As for being simultaneously big and small, Mr. Beschloss said: “He’s big if the metric is that politicians are afraid of him, which is one metric of power in Washington. Many Republican leaders are terrified of him and abasing themselves in front of him.”
Jason Miller, an adviser to the former president, agreed on Mr. Trump’s control over the party.
“There are two types of Republicans inside the Beltway,” Mr. Miller said. “Those who realize President Trump is the leader of the Republican Party and those who are in denial.”
Even in defeat, Mr. Trump remains the front-runner for the Republican Party’s presidential nomination in 2024 in every public poll so far. Lawmakers who have challenged his dominance of the party, like Representative Liz Cheney, the Wyoming Republican who implored her colleagues to reject him after the Jan. 6 riot by his supporters at the Capitol, have been booted from Republican leadership.
From his strange dual perch of irrelevance and dominance, Mr. Trump has been narrowly focused on three things — his repeated, false claims that the 2020 election was “rigged” and his support for efforts to try to overturn the results; the state and local investigations into the practices of the Trump Organization; and the state of his business.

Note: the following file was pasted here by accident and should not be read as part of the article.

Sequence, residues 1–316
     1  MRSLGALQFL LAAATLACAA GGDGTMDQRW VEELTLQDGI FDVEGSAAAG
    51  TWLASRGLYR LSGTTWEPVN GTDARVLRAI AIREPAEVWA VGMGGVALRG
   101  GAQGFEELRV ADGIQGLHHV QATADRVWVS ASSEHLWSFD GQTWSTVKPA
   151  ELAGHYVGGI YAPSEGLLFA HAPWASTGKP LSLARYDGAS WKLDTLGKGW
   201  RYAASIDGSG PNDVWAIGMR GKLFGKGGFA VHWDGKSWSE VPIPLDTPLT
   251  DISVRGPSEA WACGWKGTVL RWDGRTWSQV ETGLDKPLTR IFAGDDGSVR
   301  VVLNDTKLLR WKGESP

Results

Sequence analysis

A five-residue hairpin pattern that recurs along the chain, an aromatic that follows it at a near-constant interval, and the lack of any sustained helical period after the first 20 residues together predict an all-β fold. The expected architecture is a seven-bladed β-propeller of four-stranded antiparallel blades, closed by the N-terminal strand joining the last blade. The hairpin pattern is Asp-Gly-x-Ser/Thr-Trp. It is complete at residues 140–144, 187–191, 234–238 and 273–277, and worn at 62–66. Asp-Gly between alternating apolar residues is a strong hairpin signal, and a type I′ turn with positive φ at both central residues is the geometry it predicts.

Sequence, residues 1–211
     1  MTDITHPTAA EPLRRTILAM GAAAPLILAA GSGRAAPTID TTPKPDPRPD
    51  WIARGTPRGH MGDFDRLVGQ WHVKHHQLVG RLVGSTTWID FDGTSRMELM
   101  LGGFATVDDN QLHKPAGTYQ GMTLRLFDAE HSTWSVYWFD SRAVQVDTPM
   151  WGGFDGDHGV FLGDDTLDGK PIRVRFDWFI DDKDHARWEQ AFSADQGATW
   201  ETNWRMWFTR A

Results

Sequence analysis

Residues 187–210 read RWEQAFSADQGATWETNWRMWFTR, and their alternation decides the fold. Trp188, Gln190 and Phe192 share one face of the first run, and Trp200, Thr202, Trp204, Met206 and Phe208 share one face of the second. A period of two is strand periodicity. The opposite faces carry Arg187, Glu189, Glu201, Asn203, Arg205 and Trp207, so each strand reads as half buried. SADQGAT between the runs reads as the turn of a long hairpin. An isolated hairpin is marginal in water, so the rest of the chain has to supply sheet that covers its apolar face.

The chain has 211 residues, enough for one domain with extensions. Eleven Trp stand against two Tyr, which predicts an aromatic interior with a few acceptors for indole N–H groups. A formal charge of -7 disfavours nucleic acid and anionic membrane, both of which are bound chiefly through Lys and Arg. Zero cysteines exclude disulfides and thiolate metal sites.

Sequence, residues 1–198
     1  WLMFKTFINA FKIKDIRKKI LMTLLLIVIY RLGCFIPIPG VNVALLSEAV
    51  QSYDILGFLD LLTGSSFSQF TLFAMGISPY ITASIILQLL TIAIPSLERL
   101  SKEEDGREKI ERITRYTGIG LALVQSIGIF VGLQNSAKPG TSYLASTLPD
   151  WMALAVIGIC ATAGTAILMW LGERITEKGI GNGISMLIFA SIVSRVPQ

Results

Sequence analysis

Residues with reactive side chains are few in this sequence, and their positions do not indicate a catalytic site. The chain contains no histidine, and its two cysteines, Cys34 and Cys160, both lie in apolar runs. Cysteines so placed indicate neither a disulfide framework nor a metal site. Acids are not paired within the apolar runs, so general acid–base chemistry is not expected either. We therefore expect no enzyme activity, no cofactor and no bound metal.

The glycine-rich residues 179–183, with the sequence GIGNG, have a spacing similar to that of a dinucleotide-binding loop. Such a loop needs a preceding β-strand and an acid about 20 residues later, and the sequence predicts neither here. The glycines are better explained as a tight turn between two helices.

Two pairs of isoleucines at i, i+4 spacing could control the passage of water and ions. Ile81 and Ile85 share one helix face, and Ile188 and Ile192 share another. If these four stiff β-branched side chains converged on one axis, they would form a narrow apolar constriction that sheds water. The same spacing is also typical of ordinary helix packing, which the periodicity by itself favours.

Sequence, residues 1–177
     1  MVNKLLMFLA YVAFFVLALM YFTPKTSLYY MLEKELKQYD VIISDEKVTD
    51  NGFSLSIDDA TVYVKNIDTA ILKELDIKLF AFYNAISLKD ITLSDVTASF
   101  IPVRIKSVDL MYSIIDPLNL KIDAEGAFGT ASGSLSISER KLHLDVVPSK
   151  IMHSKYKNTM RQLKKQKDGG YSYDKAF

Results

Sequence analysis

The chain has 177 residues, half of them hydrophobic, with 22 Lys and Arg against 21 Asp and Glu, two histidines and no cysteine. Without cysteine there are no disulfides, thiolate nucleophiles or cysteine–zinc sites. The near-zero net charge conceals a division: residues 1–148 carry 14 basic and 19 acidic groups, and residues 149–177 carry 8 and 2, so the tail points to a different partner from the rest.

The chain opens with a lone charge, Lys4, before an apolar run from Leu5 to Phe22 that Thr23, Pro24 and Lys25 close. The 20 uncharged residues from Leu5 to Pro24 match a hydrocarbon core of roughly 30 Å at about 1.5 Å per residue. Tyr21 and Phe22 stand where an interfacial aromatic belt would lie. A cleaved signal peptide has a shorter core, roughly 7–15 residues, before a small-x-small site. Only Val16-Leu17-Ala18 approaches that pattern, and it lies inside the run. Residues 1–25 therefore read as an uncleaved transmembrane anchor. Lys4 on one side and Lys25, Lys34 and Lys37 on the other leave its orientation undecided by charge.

Mr. Trump, who White House officials said watched with pleasure as his supporters stormed the Capitol and disrupted the Jan. 6 certification of the Electoral College vote, has told several people he believes he could be “reinstated” to the White House this August, according to three people familiar with his remarks. He has been echoing a theory promulgated by supporters like Mike Lindell, the chief executive of MyPillow, and Sidney Powell, the lawyer being sued for defamation by election machine companies for spreading conspiracy theories about the safety of their ballots.
President Biden’s victory, with more than 80 million votes, was certified by Congress once the Jan. 6 riot was contained. There is no legal mechanism for reinstating a president, and the efforts by Republicans in the Arizona Senate to recount the votes in the state’s largest county have been derided as fake and inept by local Republican officials, who say the result is a partisan circus that is eroding confidence in elections.
Nonetheless, Mr. Trump has zeroed in on the Arizona effort and a lawsuit in Georgia to insist that not only will he be restored to office, but that Republicans will also retake the majority in the Senate through those same efforts, according to the people familiar with what he has been saying.